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G U I D E T O M A C H I N I N G CARPENTER SPECIALTY ALLOYS. Carpenter Technology Corporation,Wyomissing Pennsylvania 19610 U S A. Copyright 2002 CRS Holdings Inc,All Rights Reserved Printed in U S A. The information and data presented herein are suggested starting point values and are not a guarantee. of maximum or minimum values Applications speci cally suggested for material described herein. are made solely for the purpose of illustration to enable the reader to make his her own evaluation. and are not intended as warranties either express or implied of tness for these or other purposes. There is no representation that the recipient of this literature will receive updated editions as they. become available Unless otherwise noted all registered trademarks are property of CRS Holdings. Inc a subsidiary of Carpenter Technology Corporation ISO 9000 and QS 9000 Registered. Headquarters Reading PA,Guide to Machining,CARPENTER SPECIALTY ALLOYS. Introduction 1, General Stainless Material and Machining Characteristics 3. Classi cation of Stainless Steels 5,Basic Families and Designations 5. Austenitic Alloys 5,Ferritic Alloys 7,Martensitic Alloys 7. Duplex Alloys 8,Precipitation Hardenable Alloys 8,Free Machining Alloys 9. Project 70 Stainless Enhanced Machining Alloys 12,Machinability of Stainless Steels 15. De nitions of Machinability 15,General Machining Properties 16. Austenitic Alloys 16,Ferritic and Martensitic Alloys 18. Duplex Alloys 19,Precipitation Hardenable Alloys 20. Relative Machinability of Stainless Steels,and Other Alloys 22. The Carpenter Selectaloy Method 23,Criteria for Selecting 23. Selecting for Corrosion Resistance 26,Selecting for Mechanical Strength 26. Enhanced Selectaloy Diagram 27,Nitrogen Strengthened Grades 27. Other Grades to Consider 29,Guide to Machining,CARPENTER SPECIALTY ALLOYS. Traditional Machining Operations 31,General Considerations and Guidelines 31. Turning Speeds Feeds Turning can be found on pages 37 to 40. Turning Parameters 35,Single Point Turning Tools 35. Cutoff Tools 41,Form Tools 41,Shaving Tools 42,Trouble Shooting Check Chart 43. Drilling Speeds Feeds Drilling can be found on pages 48 and 49. General Guidelines 45,Drilling Parameters 46,Grinding of Drills 46. Small Diameter Drills 47,Special Drills 49,Trouble Shooting Check Chart 51. Tapping Speeds Feeds Tapping can be found on pages 57 and 58. Types of Holes and Taps 55,Percent of Thread 58,Grinding of Taps 60. Trouble Shooting Check Chart 61, Threading Speeds Feeds Threading can be found on page 65 to 66. Die Threading 63,Types of Chasers and Geometries 63. Die Threading Parameters and Cutting Fluid 65,Percent of Thread 66. Thread Rolling 67,Trouble Shooting Check Chart 68,Guide to Machining. CARPENTER SPECIALTY ALLOYS, Milling Speeds Feeds Milling can be found on pages 71 and 72. Types of Milling Cutters 69,Grinding of Milling Cutters 70. Milling Parameters and Cutting Fluid 73,Trouble Shooting Check Chart 74. Broaching Speeds Feeds Broaching can be found on pages 79 and 80. General Guidelines 77,Broach Design and Grinding 77. Trouble Shooting Check Chart 81, Reaming Speeds Feeds Reaming can be found on pages 85 and 86. General Guidelines 83,Types of Reamers 83,Grinding and Care of Reamers 84. Reaming Parameters 87,Alignment 87,Trouble Shooting Check Chart 88. Sawing Speeds Feeds Sawing can be found on page 90. General Guidelines 89,Sawing Parameters 89,Grinding Parameters 91. Guide to Machining,CARPENTER SPECIALTY ALLOYS, Other Specialty Metals Speeds Feeds Other Carpenter Specialty. Alloys can be found on pages 93 to 112,These include. Carpenter Tool Steels,Carpenter High Temperature Alloys. Nickel Base and Cobalt Base,Carpenter Electronic Alloys. Cutting Fluids page 113,Stainless Steel Cutting Oils. Emulsi able Fluids,General Practices,Cleaning and Passivating page 119. Cleaning Before Heat Treating,Passivating,Citric Acid Passivation. Nontraditional Machining Operations pages 123 to 136. Abrasive Jet Machining,Abrasive Water Jet Machining. Electrochemical Machining,Electrochemical Grinding. Electrical Discharge Machining,Electron Beam Machining. Laser Beam Machining,Plasma Arc Machining,Chemical Machining. Guide to Machining,CARPENTER SPECIALTY ALLOYS,Helpful Tables pages 137 to 167. Automatic Machining Ef ciency Index Table,Machine Hours Per 1 000 Pieces. Approximate Stock Required to Make 1 000 Pieces,Weights of Steel Bars Per Lineal Foot. Decimal Sizes of Drills Length of Drill Points,Drills for Tapped Holes. Table of Cutting Speeds,Fractions Decimal Metric Equivalents. Hardness Conversion Table,Wire Gauges,Introduction. Carpenter Technology Corporation Carpenter is a materials. company making specialty alloys and engineered parts for dozens. of industries with hundreds of applications Specialty Alloys. Operations our specialty steel and alloy manufacturer and. distributor comprises the core business Dynamet Incorporated. a Carpenter company produces bar and coil products from titanium. and other alloys Carpenter Powder Products makes and sells tool. and high speed steels and specialty alloy powder products The. Engineered Products Group is a consortium of companies that. makes precision drawn products complex ceramic parts thin. wall tubing and other engineered materials, Since 1928 when Carpenter introduced the world s rst free. machining stainless steel we have been concentrating on the. business of making stainless and other specialty alloys more. useful and more pro table to industry, Our record of accomplishment in this endeavor has been gratifying. Through never ending research exacting quality controls and rigid. production techniques we have led the eld in the introduction. of new and improved specialty alloys and services to help industry. improve product quality and reduce fabricating costs. The Carpenter list of rsts is impressive It includes the rst. free machining stainless Type 416 the rst free machining. chrome nickel stainless Type 303 the rst free machining Invar. Free Cut Invar 36 alloy and this evidence of leadership. continues with the widespread acceptance of the Project 70. stainless and Project 7000 stainless grades and now. Project 70 stainless, Through these constant efforts to improve specialty alloy quality. we have built every known production and performance advantage. into every machining bar we produce But no specialty steel can. be so good that it will perform satisfactorily in the shop when it. s mishandled or misunderstood, The purpose of this book is to help you the fabricator get. every bene t out of the Carpenter specialty alloys you machine. The machining tables are intended to provide you with suggested. starting feeds and speeds Machine setup tooling and other fac. tors beyond Carpenter s control will affect actual performance. A section on machining Carpenter tool steels high temperature. alloys and electronic alloys is also included These are tabbed. together under Other Specialty Metals, If the answer to your particular machining problem cannot be. found here we hope you will call us at 1 800 654 6543 for help. Or refer to our online technical information database at. www cartech com Registration is free,General Stainless Material and Machining. Characteristics, Stainless steels do not constitute a single well de ned material. but instead consist of several families of alloys each generally. having its own characteristic microstructure type of alloying and. range of properties To complicate the matter further compositional. differences within each family produce an often bewildering variety. of alloys suited to a wide range of applications The common thread. among the alloys is the presence of a minimum of about 11 percent. chromium to provide the excellent corrosion and oxidation resistance. which is the chief characteristic of the materials. Because of the wide variety of stainless steels available a. simple characterization of their machinability can be somewhat. misleading As shown in later sections of this booklet the machin. ability of stainless steels varies from low to very high depending. on the nal choice of alloy In general however stainless steels are. considered more dif cult to machine than certain other materials. such as aluminum or low carbon steels Stainless steels have been. characterized as gummy during cutting showing a tendency to. produce long stringy chips which seize or form a built up edge. BUE on the tool Machine operators may cite reduced tool life. and degraded surface nish as consequences These broad observa. tions are due to the following properties which are possessed by. stainless steels to different extents,1 high tensile strength. 2 large spread between yield strength and ultimate. tensile strength,3 high ductility and toughness,4 high work hardening rate. 5 low thermal conductivity, Despite these properties stainless steels are machinable as long as it. is recognized that they behave differently from other materials and. consequently must be machined using different techniques. In general more power is required to machine stainless steels. than carbon steels cutting speeds must often be lower a positive. feed must be maintained tooling and xtures must be rigid chip. breakers or curlers may be needed on the tools and care must be. taken to ensure good lubrication and cooling during cutting. Classi cation of Stainless Steels,Basic Families and Designations. Stainless steels can be divided into ve families Four are based. on the characteristic microstructure of the alloys in the family. austenitic ferritic martensitic or duplex austenitic plus ferritic. The fth family the precipitation hardenable alloys is based on. the type of heat treatment used rather than microstructure. In addition stainless steels may be divided into the non free. machining alloys and the free machining alloys Free machining. alloys form a limited group that cuts across the basic families. Finally both non free machining and free machining alloys may. be available in the Project 70 stainless version having enhanced. machining properties compared to the standard alloys. Because of the variety of stainless steels it is usually possible. to obtain an alloy possessing the desired set of attributes unless. they are mutually exclusive This same wealth of alloys can create. problems during the selection process simply because of the number. of alloys that must be considered and evaluated for their suitability. An invaluable aid in this process is Carpenter s Selectaloy method. described later in this booklet The following sections describe the. basic characteristics which may be important during the selection. process for a particular stainless steel,Austenitic Alloys. Austenitic stainless steels have a face centered cubic structure. and are nonmagnetic in the annealed condition The alloys can. be subdivided into two categories the standard alloys such as. Type 304 containing nickel to provide the austenitic structure. and those containing instead a substantial quantity of manganese. usually with higher levels of nitrogen and in many cases nickel. Examples of the latter are 22Cr 13Ni 5Mn 21Cr 6Ni 9Mn and. 15 15LC stainless Nitrogen may also be used to provide. strengthening in the chromium nickel grades as in Type 304HN. The standard chromium nickel alloys with lower nitrogen levels. have tensile yield strengths of 30 40 ksi 205 275 MPa in the. annealed condition while alloys containing higher nitrogen have. yield strengths up to about 70 ksi 480 MPa, Austenitic stainless steels possess good ductility and toughness. even at cryogenic temperatures and can be hardened substantially. by cold working The degree of work hardening depends on alloy. content Austenitic stainless steels with a lower alloy content may. become magnetic due to transformation of austenite to martensite. during cold working or even machining if the surface is heavily. deformed A corrective anneal or the selection of an alloy with. a lower work hardening rate may be necessary if a low magnetic. permeability is required for the intended application Corrosion. resistance of austenitic alloys varies from good to excellent again. depending on alloy content, The most common austenitic stainless steel is Type 304 which. contains approximately 18 percent chromium and 8 percent nickel. In addition to the alloying variations noted above higher chromium. higher nickel molybdenum or copper may be added to improve. particular aspects of corrosion or oxidation resistance Examples. are Type 316 Type 309 Type 310 and 20Cb 3 stainless Many of. the more corrosion resistant alloys such as 20Cb 3 stainless have. nickel levels high enough to rate classi cation as nickel base alloys. Titanium or columbium is added to stabilize carbon in alloys such as. Type 321 or Type 347 in order to prevent intergranular corrosion. after elevated temperature exposure Conversely carbon levels are. reduced to low levels during melting to produce the AISI L or S. alloys such as Type 304L Type 316L or Type 309S,Ferritic Alloys. Ferritic stainless steels have a body centered cubic structure and. are magnetic In the annealed condition they have a tensile yield. strength of about 40 50 ksi 275 345 MPa They are generally. hardenable only by cold working but not to the same extent as. the austenitic stainless steels The alloys possess fairly good. ductility in the annealed condition but are not used where tough. ness is a concern They have a broad range of corrosion resistance. depending on alloy content However as a class they are considered. less corrosion resistant than the austenitic alloys. The most well known alloy of this family is Type 430 which is an. iron base alloy with 16 18 percent chromium Other alloys such. as Type 405 or Type 409 contain lower chromium Higher levels. of chromium are used in alloys such as Type 443 or Type 446 for. improved corrosion or oxidation resistance Molybdenum is added. to certain alloys such as Type 434 in order to improve corrosion. resistance particularly in chloride containing solutions Titanium. or columbium is used to stabilize carbon and nitrogen in order to. improve the as welded properties of alloys like Type 409. Martensitic Alloys, Martensitic stainless steels have a body centered cubic tetragonal. structure and are magnetic In the annealed condition they have a. tensile yield strength of about 40 ksi 275 MPa and like the ferritic. alloys can be moderately hardened by cold working However. martensitic alloys are normally heat treated by hardening plus. tempering to yield strength levels up to about 280 ksi 1930 MPa. depending primarily on carbon level The alloys exhibit good. ductility and toughness which decrease however as strength. capability increases, The most commonly used alloy of this family is Type 410 which. contains about 12 percent chromium and 0 1 percent carbon to. provide strengthening Carbon level and consequently strength. capability increase in the series Type 420 Type 440A Type 440B. and Type 440C Chromium is increased particularly in the latter. three alloys to maintain corrosion resistance since chromium is. removed from solution forming carbides with increasing carbon. level Molybdenum may be added to improve mechanical proper. ties or corrosion resistance as in TrimRite stainless Nickel may. be added for the same reasons as in Type 414 Nickel also serves. to maintain the desired microstructure preventing excessive free. ferrite when higher chromium levels are used to improve corrosion. resistance in a lower carbon alloy like Type 431 The limitations on. alloy content required to maintain the desired fully martensitic. structure limit the corrosion resistance obtainable with martensitic. alloys to only moderate levels,Duplex Alloys, Duplex stainless steels contain a mixture of ferrite and austenite. and are magnetic They have tensile yield strengths of about 80 ksi. 550 MPa in the annealed condition or about twice that of the. standard austenitic alloys Strength can be increased by cold. working The alloys have good ductility and toughness along. with excellent corrosion resistance, The original alloy in this classi cation was 7 Mo stainless or. Type 329 which contains chromium molybdenum and suf cient. nickel to provide the desired balance of ferrite and austenite More. recent alloys such as 7 Mo PLUS stainless also contain nitrogen. and a different austenite ferrite balance,Precipitation Hardenable Alloys. Precipitation hardenable stainless steels are categorized by their. ability to be age hardened to various strength levels The alloys. can be subdivided into the austenitic e g Pyromet alloy A 286. martensitic e g Custom 630 17Cr 4Ni or semi austenitic. classi cations e g Pyromet alloy 355 The latter alloys may have. an austenitic structure for formability but can be subsequently.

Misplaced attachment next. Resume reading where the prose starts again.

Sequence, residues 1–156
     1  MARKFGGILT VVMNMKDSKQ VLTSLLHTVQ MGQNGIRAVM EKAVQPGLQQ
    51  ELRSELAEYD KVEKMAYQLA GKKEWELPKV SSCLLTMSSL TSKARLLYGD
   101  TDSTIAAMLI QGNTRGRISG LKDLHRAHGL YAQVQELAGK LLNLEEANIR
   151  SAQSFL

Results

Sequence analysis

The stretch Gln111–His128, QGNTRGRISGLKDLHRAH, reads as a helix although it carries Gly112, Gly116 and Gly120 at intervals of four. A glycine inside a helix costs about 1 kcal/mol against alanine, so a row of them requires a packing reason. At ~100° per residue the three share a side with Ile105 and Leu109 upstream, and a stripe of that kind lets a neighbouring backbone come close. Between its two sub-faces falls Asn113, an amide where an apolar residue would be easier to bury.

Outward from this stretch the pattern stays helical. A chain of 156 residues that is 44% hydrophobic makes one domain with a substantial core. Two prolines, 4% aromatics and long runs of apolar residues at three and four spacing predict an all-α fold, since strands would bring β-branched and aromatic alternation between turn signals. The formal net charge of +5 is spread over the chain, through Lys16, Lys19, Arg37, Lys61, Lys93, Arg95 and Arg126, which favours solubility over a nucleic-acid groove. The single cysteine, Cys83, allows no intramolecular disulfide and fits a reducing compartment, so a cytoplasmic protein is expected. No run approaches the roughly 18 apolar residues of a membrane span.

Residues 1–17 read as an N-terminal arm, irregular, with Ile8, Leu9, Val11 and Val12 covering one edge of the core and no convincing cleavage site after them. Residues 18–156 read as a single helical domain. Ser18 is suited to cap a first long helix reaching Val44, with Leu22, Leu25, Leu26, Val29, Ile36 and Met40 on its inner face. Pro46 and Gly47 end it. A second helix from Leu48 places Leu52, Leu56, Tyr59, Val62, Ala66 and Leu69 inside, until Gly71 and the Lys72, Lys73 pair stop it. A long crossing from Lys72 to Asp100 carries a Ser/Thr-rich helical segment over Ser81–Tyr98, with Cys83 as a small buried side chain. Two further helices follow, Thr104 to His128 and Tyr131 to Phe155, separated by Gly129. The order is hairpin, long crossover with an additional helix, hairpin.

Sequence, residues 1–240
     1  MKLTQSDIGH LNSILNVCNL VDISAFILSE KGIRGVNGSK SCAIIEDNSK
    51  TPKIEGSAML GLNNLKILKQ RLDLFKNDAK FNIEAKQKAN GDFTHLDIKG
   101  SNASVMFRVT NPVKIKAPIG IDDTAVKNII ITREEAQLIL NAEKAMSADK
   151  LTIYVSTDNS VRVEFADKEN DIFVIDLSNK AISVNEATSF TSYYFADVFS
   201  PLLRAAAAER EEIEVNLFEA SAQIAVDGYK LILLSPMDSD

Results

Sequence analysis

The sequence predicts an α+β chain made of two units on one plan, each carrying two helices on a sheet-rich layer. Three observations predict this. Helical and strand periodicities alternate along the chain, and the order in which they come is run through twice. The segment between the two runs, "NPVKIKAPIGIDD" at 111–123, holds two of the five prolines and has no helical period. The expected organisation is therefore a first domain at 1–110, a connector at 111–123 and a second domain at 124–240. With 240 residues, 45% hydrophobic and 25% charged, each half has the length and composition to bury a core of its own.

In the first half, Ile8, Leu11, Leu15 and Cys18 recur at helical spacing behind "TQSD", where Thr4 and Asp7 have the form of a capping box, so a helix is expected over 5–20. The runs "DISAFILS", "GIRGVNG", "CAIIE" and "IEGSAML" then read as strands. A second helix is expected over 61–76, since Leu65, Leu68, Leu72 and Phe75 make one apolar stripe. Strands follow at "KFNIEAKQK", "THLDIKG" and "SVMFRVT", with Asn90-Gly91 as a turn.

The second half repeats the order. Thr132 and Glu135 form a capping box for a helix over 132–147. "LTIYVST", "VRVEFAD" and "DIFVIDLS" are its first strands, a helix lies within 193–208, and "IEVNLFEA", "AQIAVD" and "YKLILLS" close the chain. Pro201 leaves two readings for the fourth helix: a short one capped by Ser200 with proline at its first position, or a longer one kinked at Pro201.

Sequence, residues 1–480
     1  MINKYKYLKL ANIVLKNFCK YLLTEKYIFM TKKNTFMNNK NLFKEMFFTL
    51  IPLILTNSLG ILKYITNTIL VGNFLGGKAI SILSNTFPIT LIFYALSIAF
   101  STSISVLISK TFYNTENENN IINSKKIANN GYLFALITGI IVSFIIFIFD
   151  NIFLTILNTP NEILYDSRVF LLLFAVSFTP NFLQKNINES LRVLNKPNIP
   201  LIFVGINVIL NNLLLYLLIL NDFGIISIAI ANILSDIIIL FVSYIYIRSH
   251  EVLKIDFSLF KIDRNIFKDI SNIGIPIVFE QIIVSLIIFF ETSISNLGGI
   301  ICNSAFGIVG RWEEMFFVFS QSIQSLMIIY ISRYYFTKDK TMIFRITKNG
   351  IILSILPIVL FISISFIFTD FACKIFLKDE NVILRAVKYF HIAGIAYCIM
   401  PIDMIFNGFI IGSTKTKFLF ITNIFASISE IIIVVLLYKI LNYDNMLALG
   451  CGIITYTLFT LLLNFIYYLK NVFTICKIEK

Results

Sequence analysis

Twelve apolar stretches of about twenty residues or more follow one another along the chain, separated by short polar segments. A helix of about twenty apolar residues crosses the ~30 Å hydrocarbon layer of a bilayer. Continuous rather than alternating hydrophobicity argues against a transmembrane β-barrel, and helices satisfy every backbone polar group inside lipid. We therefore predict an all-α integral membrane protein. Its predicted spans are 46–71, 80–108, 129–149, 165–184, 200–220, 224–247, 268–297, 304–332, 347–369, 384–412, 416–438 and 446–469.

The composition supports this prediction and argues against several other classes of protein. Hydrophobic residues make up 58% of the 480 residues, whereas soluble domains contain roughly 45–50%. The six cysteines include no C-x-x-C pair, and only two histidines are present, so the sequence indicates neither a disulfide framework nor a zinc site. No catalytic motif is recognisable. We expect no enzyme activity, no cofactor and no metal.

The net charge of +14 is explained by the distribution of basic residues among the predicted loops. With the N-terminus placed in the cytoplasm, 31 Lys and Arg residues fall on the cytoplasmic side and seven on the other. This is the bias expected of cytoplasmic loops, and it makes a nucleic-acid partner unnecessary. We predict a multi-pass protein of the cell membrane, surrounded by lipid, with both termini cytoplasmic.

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Gebruik van social media door ondernemers 4 Inleiding Toelichting op het onderzoek In het jaar dat treitervlogger het Van Dale-woord van het jaar werd, bestaat Hyves niet meer als vriendenplatform en